After the September 11th attacks, there were widespread proclamations of solidarity with the citizens of the Big Apple that were stated most succinctly as "Today, we are all New Yorkers." Such became the refrain after the attacks on the commuter trains in the United Kingdom in 2005, "Today, we are all Londoners;" and on Paris cafes and a nightclub just last year, "We are all Parisians."
Last night, at a popular, crowded nightspot, in central Florida's shining, modern, ever-sprawling metropolis of Orlando, just minutes from the "happiest place on Earth," Disney's Magic Kingdom, yet another vicious attack of terrorism occurred. On November 13, 2015, more than eighty-nine concertgoers were murdered at the Bataclan nightclub in Paris. On June 11, 2016, fifty club goers were murdered at the Pulse nightclub in Orlando. The only new wrinkle to this numbingly oft-repeated, blood-soaked tale: the Orlando victims are gay.
Now post-millennial America is a political place. Having an abundant and inexpensive supply of food and fuel allows for endless discourse about what the Constitution means and how best to ensure we are living up to our founding ideals. So it was no surprise that with the gut-churning swiftness of the twenty-four second media, in all its iterations, the narrative of this latest tragedy so rapidly spider-webbed to include the responses of various politicos. Those with D's after their names called out the R's for lax gun laws. Some of the R's retorted the homophobia of Islamist terrorism is to blame, and the D's are going to end up getting their bases of Jews and gays all killed someday.
What they all need to say is simply, "Today we are all gay." Of course, for the R's this is sadly far less likely considering they recently un-passed protections for LGBT workers after they had in fact just passed them. One particularly strident pol at the time openly espoused that voting to protect employees from getting terminated, solely because of their sexuality, was a mortal sin.
This returns me to the question that I use as the title of this post. How much does someone have to refuse to accept the innate humanity of gay, lesbian, bisexual and transgender individuals to be unable to make a simple profession of solidarity with those who were slaughtered? If someone perhaps not so deep in the hater-crusader corner came forward, Speaker Ryan, W, Governor Kasich etc. and said simply via text, tweet, or email... "Today we are all gay," how far would that move us toward realizing that our culture wars are philosophical, fought with rhetoric (as morally convicted and faith-based as it may be) not bullets.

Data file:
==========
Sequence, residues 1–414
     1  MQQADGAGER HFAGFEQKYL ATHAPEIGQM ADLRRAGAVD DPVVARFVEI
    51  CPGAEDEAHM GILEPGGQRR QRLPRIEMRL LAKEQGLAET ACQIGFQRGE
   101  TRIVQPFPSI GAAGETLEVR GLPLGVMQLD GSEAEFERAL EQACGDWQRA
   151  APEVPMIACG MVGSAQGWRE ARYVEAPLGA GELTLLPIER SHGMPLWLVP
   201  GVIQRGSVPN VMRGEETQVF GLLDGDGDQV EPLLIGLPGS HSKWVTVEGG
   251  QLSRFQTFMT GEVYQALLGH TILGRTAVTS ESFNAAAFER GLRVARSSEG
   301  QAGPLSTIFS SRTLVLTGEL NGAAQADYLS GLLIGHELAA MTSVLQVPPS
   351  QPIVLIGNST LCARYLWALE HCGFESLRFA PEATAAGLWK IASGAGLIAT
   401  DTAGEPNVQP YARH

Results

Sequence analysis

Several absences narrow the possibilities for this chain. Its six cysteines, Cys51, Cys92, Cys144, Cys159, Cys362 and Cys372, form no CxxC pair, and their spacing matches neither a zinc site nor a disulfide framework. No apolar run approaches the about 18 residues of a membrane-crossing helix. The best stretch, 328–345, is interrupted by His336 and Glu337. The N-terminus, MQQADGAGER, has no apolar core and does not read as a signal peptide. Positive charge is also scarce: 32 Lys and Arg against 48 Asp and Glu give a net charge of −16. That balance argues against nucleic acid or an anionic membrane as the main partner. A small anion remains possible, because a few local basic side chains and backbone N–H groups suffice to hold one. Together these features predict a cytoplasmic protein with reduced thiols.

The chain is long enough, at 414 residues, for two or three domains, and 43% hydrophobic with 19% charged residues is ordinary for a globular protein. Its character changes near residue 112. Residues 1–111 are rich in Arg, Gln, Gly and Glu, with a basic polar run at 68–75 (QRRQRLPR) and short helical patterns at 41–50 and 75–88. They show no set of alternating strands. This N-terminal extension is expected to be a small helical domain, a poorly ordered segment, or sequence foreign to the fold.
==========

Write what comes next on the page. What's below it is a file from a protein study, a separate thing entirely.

If even symbolic, verbal solidarity is too much of a leap over the rainbow, let's try: "Today, we are all Orlandoans." Maybe this second version is a little too water-downed, one step removed, from the appropriate and needed truth, but it also can in its own way be more profound. LGBT people have always known that beyond our sexuality, as strong a signifier of our essential identity as that is, we are people of passions, ideas, humor, as well as varying professions, tastes and opinions. We are men and women of faith or not, activism or not, but all citizens, all members of the fabric of our communities, including New York, London, Paris and now Orlando.
Some of these recent terrorist attacks, like last night's in central Florida, were directed toward a particular group (Jews, gays, satirical cartoonists) but it is not just people of different ethnicities, sexualities or faiths who are targeted. We, as a culture, may well be approaching, in fits and starts, the final stanza of Pastor Martin Niemoller's famous and devastating commentary: "Then they came for me -- and there was no one left to speak for me."
We all must no longer see any attack as on another, them (Jews, gays, Muslims, French, British, New Yorker's, etc.) but as on us. So, I start the ball rolling with my affirmation of support, "Today, I am an Orlandoan." Written in solidarity with those tragically lost who also happen to be gay.